MAPLEWOOD, Minn. (WCCO) — Scattered across Kim Norbeck’s dining room table are startling and sobering pictures.
“This is Jason’s car hit at 60 mph head-on,” Norbeck said as she held up a picture of a mangled Jeep Liberty.
Her son, 21-year-old Jason Norbeck, was driving it on April 19, 2011, along Interstate 94 near the Lowry Tunnel in Minneapolis. Another driver who was on the wrong side of the interstate hit Jason’s Jeep head-on, killing him. The images offer a devastating and detailed glimpse at the final moments Jason was alive.
“I also think because I’ve lost a loved one, I think of all the other parents that are out there that have lost a child or lost a family member to drunken driving,” she said.
That happened for Norbeck this weekend when she learned of a similar crash along State Highway 64 near Somerset, Wisconsin. The St. Croix County Sheriff’s Office said a driver on the wrong side of the road hit Stefanie Biedler head-on, killing her. They say alcohol was a possible factor in the crash.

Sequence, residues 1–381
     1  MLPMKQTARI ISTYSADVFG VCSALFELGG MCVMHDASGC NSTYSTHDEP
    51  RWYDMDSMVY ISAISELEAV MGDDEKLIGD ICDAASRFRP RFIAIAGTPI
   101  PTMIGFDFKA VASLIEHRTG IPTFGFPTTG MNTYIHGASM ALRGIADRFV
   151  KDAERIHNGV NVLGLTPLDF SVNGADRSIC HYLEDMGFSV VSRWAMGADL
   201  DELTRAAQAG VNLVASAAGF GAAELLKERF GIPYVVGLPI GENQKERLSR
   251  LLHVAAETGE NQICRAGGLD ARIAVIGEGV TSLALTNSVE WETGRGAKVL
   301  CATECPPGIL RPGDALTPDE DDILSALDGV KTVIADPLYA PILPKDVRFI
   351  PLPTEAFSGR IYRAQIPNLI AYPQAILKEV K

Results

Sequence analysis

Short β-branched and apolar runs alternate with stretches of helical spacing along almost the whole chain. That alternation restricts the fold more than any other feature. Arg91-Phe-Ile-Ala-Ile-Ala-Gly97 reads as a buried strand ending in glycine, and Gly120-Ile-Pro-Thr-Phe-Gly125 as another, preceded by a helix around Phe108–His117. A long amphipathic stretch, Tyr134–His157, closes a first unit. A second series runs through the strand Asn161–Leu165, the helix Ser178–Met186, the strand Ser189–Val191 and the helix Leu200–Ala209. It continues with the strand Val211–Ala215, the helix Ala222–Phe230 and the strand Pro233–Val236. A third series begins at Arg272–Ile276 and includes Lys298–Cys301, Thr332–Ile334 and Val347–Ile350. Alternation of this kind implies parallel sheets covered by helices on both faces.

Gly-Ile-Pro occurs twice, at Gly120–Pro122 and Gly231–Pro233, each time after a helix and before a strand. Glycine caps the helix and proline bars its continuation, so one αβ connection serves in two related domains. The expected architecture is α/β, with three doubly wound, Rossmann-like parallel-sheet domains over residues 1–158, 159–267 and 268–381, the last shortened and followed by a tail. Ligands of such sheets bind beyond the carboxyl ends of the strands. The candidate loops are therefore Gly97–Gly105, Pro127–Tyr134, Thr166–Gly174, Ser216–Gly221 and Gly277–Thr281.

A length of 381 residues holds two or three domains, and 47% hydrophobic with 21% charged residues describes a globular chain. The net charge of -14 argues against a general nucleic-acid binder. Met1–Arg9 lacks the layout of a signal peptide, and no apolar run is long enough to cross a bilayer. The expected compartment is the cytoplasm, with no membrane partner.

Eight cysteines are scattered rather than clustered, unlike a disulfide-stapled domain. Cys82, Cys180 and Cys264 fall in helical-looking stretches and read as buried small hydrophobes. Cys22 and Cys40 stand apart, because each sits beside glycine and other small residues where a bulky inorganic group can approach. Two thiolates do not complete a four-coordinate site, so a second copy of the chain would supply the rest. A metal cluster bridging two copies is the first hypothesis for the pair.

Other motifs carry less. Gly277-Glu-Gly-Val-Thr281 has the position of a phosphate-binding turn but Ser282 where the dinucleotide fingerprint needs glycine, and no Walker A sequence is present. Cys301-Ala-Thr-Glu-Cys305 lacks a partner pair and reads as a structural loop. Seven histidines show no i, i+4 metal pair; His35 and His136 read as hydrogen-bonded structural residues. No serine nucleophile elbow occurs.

Friends described Biedler as a young woman with a big heart who had a passion for riding and raising horses.
Biedler was 21 years old, just like Norbeck’s son.
“My heart just goes out to (Biedler’s family). I know that journey and it doesn’t get better. You learn to live with it,” she said.
And channel it, in Norbeck’s case.
“Keep reminding people, be your child’s voice,” she said.
Norbeck wears shirts bearing Jason’s face, ready to tell his story to those who ask. She posts pictures of her son’s mangled vehicle on her car as a warning to others along with messages.
One of them reads, “If you’re celebrating this holiday season, plan ahead and prepare for a cab or a sober ride or a designated driver,” bordered by decorative stickers that look like Christmas tree lights.
Her mission isn’t just to stop drunk drivers, but potentially save lives, so more families like Biedler’s don’t have to spend their holiday season sharing the same pain.
“It’s preventable,” she said.
In Minnesota, more than 300 law enforcement agencies are in the midst of a DWI crackdown. It started just before Thanksgiving and runs through Dec. 30. During that same time span last year, the Minnesota Department of Public Safety said 2,717 drivers were arrested for DWI.